17th Jul2016

John Coltrane Quartet ‘Crescent’ (Impulse!) 5/5

by ukvibe

John William Coltrane September 23, 1926 – July 17, 1967

john-coltrane-quartetIn the pantheon of Coltrane recordings, ‘Crescent’ is invariably overlooked since it was recorded in 1964, one of only two studio albums by the leader that year, and directly precedes what is by general critical acclaim regarded as his masterpiece, ‘A Love Supreme’. However, ‘Crescent’ is no mere hors d’oeuvre before the plat principal (main course) and the tenorist was already pushing himself towards the outer limits of his musical world. Rather, it is instead indicative of a change in the outlook of John Coltrane towards an infinitely more meditative and indeed spiritual state of mind, and marriage to pianist Alice Coltrane greatly aided him in this endeavour. Yes, previous albums certainly do incorporate elements of the spiritual in parts, but ‘Crescent’ goes that one step further and is meditational in its totality. Moreover, the modal innovations of the masterly ‘Kind of Blue’ are in some respects redeveloped here, and in an equally melancholic mood. It is an important recording secondly because of the sound of the recording that Rudy Van Gelder crafted at Englewood Cliffs and by means of comparison one need only listen to Wayne Shorter’s ‘Speak No Evil’ from the same period to appreciate how skillful a recording engineer Van Gelder could be. Blue Note never sounded more intense and ‘Crescent’ repeated the feeling, albeit with a quasi-religious fervour.

Pride of place on the ‘Crescent’ album goes to ‘Wise One’ that commences as a gentle number, but then develops into a passionate mid-tempo piece with subtle latinisations in the rhythm section provided by master drummer Elvin Jones. Another highlight is the atmospheric drum sound that Jones generates on ‘Lonnie’s Lament’, while a life-time love of the blues, an art form that John Coltrane unquestionably revered, is alluded to on ‘Bessie’s blues’ in homage to the blues singer. Lengthy and brooding are two adjectives that do justice to the album and it is a progression from the 1963 live performance, ‘Live at Birdland’, and a marked departure from the collaborative projects with Duke Ellington and Johnny Hartman respectively, and the ballad album that is sometimes (wrongly) dismissed as lightweight.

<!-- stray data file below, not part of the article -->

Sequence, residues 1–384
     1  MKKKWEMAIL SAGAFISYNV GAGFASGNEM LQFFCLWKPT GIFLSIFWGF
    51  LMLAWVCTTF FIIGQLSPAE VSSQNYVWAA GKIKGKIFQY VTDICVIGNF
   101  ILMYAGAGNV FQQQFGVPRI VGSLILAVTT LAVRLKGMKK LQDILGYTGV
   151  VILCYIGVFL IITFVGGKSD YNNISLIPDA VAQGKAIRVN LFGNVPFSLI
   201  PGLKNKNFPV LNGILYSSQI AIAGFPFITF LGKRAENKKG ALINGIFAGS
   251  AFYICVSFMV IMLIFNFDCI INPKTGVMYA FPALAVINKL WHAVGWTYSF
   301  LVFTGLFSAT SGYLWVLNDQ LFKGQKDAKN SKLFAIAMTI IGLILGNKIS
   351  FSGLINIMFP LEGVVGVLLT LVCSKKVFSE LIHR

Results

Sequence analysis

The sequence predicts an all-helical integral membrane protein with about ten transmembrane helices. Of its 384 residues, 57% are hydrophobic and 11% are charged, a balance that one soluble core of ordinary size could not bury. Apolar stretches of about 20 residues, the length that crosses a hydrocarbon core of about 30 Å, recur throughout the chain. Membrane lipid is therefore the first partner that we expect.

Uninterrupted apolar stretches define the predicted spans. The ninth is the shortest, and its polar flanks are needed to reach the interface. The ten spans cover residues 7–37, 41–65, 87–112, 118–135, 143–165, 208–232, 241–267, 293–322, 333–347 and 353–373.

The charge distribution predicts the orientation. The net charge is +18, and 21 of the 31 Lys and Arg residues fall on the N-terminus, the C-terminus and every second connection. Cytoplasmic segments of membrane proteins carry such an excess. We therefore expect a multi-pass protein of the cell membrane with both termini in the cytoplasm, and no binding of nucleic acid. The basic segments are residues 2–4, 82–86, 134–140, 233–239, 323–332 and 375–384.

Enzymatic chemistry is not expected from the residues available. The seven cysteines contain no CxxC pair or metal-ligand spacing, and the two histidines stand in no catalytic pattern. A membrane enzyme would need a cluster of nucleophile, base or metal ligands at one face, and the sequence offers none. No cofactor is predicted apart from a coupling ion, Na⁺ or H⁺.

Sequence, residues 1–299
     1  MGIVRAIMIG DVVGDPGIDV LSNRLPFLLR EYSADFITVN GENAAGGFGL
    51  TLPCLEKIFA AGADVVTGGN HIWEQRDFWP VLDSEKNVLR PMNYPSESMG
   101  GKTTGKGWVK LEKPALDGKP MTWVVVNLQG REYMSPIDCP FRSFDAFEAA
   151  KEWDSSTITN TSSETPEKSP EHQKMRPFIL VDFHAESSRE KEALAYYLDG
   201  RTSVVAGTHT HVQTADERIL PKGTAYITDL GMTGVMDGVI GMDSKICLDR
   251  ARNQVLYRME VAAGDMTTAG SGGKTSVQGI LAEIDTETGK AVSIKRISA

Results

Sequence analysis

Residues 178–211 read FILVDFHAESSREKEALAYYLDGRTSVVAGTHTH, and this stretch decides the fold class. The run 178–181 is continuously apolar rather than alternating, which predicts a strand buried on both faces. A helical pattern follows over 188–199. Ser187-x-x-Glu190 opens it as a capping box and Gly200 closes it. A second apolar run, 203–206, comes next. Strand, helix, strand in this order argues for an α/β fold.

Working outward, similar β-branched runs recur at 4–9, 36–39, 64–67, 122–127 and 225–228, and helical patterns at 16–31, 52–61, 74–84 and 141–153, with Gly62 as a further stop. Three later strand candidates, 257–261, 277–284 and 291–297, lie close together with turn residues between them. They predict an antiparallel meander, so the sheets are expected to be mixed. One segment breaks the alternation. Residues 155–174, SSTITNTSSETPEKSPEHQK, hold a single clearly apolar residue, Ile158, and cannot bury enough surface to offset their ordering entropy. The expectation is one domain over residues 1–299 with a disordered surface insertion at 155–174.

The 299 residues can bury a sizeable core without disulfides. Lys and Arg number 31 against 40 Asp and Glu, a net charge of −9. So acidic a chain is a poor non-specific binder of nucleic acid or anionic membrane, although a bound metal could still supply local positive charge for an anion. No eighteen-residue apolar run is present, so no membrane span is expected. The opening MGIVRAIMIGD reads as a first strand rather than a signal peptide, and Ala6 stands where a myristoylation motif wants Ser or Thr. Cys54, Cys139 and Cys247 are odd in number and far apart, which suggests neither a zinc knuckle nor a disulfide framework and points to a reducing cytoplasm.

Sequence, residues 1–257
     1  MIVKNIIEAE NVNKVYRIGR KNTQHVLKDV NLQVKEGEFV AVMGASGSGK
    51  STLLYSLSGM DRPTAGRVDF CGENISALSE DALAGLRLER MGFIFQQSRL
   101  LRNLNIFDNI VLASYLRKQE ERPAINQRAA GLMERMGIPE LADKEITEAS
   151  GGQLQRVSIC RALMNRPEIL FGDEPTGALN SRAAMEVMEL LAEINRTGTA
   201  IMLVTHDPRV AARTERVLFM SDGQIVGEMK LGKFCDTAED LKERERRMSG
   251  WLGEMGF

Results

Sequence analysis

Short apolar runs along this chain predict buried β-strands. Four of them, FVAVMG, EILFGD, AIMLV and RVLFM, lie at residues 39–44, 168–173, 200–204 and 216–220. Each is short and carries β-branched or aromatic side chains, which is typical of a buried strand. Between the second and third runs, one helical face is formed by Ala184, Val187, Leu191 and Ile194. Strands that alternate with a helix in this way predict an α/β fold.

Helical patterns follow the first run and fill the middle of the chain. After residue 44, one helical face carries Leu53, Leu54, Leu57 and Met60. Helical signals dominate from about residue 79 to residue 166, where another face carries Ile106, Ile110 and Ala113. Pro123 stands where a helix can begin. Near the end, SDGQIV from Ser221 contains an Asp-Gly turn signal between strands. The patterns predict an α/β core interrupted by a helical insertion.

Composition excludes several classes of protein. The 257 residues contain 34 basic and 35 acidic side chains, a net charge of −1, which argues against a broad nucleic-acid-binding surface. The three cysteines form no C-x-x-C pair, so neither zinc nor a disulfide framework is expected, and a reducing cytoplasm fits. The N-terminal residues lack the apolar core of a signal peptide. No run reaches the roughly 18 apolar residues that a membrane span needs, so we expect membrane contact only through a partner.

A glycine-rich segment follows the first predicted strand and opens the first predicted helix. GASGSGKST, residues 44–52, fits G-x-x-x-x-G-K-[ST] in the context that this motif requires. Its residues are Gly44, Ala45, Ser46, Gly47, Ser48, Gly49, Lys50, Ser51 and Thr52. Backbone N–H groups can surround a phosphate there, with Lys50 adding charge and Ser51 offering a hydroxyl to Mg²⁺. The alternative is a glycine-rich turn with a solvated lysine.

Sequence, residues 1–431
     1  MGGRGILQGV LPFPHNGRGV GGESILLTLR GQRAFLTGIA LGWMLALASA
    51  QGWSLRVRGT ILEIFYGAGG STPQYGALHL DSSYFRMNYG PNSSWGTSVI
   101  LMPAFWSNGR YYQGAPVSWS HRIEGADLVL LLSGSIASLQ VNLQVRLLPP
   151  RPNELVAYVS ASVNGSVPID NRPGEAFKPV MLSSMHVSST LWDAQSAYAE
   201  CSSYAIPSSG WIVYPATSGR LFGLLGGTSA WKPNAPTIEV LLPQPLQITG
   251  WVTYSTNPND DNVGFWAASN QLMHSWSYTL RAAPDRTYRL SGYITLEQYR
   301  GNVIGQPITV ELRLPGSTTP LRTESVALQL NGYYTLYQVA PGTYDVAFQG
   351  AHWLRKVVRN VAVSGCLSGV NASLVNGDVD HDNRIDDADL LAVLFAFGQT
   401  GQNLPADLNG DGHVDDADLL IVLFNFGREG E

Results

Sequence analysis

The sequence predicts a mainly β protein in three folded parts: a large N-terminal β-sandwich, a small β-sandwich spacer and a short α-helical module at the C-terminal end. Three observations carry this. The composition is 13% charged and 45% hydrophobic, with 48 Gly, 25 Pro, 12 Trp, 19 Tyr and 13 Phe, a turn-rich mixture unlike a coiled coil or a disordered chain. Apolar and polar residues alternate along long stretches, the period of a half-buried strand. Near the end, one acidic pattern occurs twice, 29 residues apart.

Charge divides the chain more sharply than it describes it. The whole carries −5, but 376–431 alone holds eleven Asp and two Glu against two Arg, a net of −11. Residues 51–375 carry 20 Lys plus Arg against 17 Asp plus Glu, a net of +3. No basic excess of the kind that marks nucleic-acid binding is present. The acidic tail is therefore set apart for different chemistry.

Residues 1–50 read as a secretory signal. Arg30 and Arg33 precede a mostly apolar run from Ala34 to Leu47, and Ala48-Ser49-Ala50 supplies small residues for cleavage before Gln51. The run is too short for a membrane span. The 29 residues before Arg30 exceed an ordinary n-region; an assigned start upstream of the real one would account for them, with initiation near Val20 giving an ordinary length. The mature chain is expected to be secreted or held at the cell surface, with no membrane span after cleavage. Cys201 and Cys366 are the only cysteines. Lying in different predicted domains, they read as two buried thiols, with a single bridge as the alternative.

However, it is important to recognise that ‘Crescent’ had stood the test of time remarkably well and has indeed has influenced younger musicians, most notably Pharoah Sanders, who revisited albums tracks on his 1994 quartet outing,’Crescent with Love’, that later in the decade surfaced on Evidence (1999). Sanders saw the continuity in vision between the late Atlantic and mid-period Impulse compositions and creatively grouped together numbers of the calibre of,’After the rain’, ‘Naima’ and even a reading of ‘In a sentimental mood’ that Duke and Trane recorded together (and available on a separate Impulse CD album, ‘Duke Ellington and John Coltrane’) onto a stunning 2 CD set that is required listening for any Coltrane devotee. Revealingly, the parallel with the Miles Davis quintet of the same era is also inescapable and what marvellous music they contributed collectively! In a truly turbulent decade the music of Miles and ‘Trane sought to question the status quo and was in its espousal of black self pride, civil rights struggles and wider struggles for equality while at the same time offering at times a soothing and even a healing antidote to the crushing disappointments and pitfalls of the era.

As an individual CD, ‘Crescent’ was re-mastered for re-issue in 2008, but vinyl re-editions are available.

Tim Stenhouse

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